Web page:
Federal prosecutors have been using a grand jury over the last several months to investigate former FBI Deputy Director Andrew McCabe, reports the Washington Post, citing two people familiar with the matter.
What's more, the grand jury has summoned at least two witnesses, and the case is ongoing according to WaPo's sources.
The presence of the grand jury shows prosecutors are treating the matter seriously, locking in the accounts of witnesses who might later have to testify at a trial. But such panels are sometimes used only as investigative tools, and it remains unclear if McCabe will ultimately be charged. -Washington Post
McCabe was fired on March 16 after Justice Department Inspector General Michael Horowitz issued a criminal referral following a months-long probe, which found that McCabe lied four times, including twice under oath, about authorizing a self-serving leak to the press. Horowitz found that McCabe "had made an unauthorized disclosure to the news media and lacked candor - including under oath - on multiple occasions."
Specifically, McCabe was fired for lying about authorizing an F.B.I. spokesman and attorney to tell Devlin Barrett of the Wall St. Journal - just days before the 2016 election, that the FBI had not put the brakes on a separate investigation into the Clinton Foundation, at a time in which McCabe was coming under fire for his wife taking a $467,500 campaign contribution from Clinton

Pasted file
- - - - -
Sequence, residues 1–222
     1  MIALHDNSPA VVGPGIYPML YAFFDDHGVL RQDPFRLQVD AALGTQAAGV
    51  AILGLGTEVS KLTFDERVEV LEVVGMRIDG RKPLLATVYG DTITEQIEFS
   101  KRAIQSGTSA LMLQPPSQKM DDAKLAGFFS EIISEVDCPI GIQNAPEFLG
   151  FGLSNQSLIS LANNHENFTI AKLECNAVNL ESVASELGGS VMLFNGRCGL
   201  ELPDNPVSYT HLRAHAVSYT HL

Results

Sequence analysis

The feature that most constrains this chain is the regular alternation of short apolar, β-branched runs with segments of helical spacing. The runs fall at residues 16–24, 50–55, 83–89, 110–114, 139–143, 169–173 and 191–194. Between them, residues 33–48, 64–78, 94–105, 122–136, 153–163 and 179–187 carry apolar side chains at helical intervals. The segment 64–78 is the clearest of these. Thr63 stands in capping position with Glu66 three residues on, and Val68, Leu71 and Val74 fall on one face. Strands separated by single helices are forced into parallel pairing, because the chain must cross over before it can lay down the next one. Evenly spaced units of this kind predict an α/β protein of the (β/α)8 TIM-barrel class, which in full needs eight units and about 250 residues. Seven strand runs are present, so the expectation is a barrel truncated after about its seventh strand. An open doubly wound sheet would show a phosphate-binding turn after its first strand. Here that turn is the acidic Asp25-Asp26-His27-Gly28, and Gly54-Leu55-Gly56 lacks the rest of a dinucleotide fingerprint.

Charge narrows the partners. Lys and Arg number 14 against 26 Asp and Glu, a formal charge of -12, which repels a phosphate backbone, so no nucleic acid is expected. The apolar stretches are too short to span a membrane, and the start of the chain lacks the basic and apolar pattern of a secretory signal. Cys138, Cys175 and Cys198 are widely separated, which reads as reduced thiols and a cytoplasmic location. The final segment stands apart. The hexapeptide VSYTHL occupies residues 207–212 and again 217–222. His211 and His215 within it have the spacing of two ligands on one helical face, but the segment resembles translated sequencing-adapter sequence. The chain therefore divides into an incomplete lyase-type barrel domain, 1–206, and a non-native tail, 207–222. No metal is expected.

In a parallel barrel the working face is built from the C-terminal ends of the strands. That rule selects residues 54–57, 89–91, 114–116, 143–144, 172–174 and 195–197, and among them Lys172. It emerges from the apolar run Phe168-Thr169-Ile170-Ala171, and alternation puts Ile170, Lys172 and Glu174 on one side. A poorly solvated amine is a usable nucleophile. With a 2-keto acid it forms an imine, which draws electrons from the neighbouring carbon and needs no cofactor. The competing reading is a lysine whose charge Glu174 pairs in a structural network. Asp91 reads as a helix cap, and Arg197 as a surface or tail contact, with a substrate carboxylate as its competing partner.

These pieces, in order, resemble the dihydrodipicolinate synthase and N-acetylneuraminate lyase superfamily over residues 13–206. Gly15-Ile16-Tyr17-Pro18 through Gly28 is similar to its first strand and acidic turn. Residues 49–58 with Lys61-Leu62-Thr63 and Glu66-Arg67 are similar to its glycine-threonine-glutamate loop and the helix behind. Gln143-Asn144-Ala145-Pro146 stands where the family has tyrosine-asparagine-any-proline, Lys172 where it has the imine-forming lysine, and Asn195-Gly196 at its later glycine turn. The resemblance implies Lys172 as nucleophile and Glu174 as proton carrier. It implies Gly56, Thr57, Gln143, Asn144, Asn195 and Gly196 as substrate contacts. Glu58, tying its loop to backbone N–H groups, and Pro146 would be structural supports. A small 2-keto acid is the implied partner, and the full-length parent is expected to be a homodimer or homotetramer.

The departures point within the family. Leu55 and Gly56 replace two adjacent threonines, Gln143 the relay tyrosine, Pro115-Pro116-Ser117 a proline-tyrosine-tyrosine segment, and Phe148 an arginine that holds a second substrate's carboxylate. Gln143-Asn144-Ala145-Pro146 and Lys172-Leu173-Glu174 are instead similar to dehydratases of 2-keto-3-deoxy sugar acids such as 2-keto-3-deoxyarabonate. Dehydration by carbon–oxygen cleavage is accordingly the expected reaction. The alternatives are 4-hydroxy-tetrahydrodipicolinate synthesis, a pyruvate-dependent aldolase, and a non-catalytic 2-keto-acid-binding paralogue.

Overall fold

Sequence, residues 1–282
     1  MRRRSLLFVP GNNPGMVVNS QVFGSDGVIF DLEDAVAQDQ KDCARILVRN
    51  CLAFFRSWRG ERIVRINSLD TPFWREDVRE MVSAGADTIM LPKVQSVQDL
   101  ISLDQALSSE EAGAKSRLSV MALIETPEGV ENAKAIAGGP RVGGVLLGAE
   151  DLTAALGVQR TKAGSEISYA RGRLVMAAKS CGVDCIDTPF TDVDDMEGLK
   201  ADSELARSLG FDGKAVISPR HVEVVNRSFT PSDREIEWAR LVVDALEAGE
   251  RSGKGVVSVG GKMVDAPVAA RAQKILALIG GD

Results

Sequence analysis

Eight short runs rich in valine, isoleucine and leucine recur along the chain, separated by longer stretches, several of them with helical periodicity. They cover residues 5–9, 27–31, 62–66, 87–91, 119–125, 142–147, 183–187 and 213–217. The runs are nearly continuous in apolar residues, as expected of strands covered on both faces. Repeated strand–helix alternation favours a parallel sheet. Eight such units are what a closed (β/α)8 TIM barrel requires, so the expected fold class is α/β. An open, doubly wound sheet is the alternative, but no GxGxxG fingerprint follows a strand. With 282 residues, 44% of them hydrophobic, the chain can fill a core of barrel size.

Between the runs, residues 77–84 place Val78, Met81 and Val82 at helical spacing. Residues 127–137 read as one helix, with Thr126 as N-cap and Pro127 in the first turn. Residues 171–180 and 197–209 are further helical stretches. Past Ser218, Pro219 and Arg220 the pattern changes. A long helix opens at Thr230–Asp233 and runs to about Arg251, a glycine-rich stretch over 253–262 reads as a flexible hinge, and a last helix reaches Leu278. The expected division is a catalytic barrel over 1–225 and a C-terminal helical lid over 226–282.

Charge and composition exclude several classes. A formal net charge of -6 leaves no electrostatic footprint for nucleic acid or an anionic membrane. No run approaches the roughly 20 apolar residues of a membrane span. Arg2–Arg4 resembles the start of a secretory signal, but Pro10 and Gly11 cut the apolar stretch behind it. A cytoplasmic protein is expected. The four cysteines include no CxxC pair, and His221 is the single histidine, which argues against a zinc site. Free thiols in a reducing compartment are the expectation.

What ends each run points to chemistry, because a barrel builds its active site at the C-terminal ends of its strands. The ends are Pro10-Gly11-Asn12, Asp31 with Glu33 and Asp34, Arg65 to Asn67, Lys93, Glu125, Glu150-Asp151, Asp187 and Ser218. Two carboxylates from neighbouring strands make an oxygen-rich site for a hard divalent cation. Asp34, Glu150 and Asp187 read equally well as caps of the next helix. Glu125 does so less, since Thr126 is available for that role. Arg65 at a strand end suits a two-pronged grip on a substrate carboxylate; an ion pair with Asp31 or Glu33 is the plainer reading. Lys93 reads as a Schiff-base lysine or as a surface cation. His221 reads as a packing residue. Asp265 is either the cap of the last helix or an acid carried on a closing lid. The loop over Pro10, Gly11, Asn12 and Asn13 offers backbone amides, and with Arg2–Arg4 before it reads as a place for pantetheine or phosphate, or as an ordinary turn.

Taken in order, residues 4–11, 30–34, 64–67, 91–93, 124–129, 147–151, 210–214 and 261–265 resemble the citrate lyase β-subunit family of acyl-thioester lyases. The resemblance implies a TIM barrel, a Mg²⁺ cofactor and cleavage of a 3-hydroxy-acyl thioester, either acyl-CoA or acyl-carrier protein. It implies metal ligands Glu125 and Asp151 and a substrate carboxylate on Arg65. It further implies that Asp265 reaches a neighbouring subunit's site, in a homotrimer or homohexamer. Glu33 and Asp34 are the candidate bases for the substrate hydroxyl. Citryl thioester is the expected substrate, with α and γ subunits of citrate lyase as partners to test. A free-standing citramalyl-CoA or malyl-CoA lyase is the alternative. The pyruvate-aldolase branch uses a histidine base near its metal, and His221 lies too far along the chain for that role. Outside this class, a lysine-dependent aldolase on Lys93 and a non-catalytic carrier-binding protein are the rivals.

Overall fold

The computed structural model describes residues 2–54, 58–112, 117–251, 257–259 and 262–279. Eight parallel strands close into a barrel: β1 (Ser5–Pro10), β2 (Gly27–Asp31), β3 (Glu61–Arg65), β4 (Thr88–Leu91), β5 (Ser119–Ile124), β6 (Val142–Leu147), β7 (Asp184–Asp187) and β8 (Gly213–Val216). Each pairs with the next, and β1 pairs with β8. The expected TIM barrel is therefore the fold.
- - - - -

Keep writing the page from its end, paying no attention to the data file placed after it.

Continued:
proxy pal, Terry McAuliffe.
In order to deal with his legal woes, McCabe set up a GoFundMe "legal defense fund" which stopped accepting donations, after support for the fired bureaucrat took in over half a million dollars - roughly $100,000 more than his wife's campaign took from McAuliffe as McCabe's office was investigating Clinton and her infamous charities.
In May, federal investigators from the D.C. U.S. Attorney's office interviewed former FBI director James Comey as part of an ongoing probe into whether McCabe broke the law when he lied to federal agents, reports the Washington Post.
Investigators from the D.C. U.S. Attorney’s Office recently interviewed former FBI director James B. Comey as part of a probe into whether his deputy, Andrew McCabe, broke the law by lying to federal agents — an indication the office is seriously considering whether McCabe should be charged with a crime, a person familiar with the matter said. -Washington Post
Of particular interest is that Comey and McCabe have given conflicting reports over the events leading up to McCabe's firing, with Comey calling his former deputy a liar in an April appearance on The View, where he claimed to have actually "ordered the [IG] report" which found McCabe guilty.
Comey was asked by host Megan McCain how he thought the public was supposed to have "confidence" in the FBI amid revelations that McCabe lied about the leak.
“It’s not okay. The McCabe case illustrates what an organization committed to the truth looks like,” Comey said. “I ordered that investigation.”
Comey then appeared to try and frame McCabe as a "good person" despite all the lying.
“Good people lie. I think I’m a good person, where I have lied,” Comey said. “I still believe Andrew McCabe is a good person but the inspector general found he lied,” noting that there are "severe consequences" within the DOJ for doing so.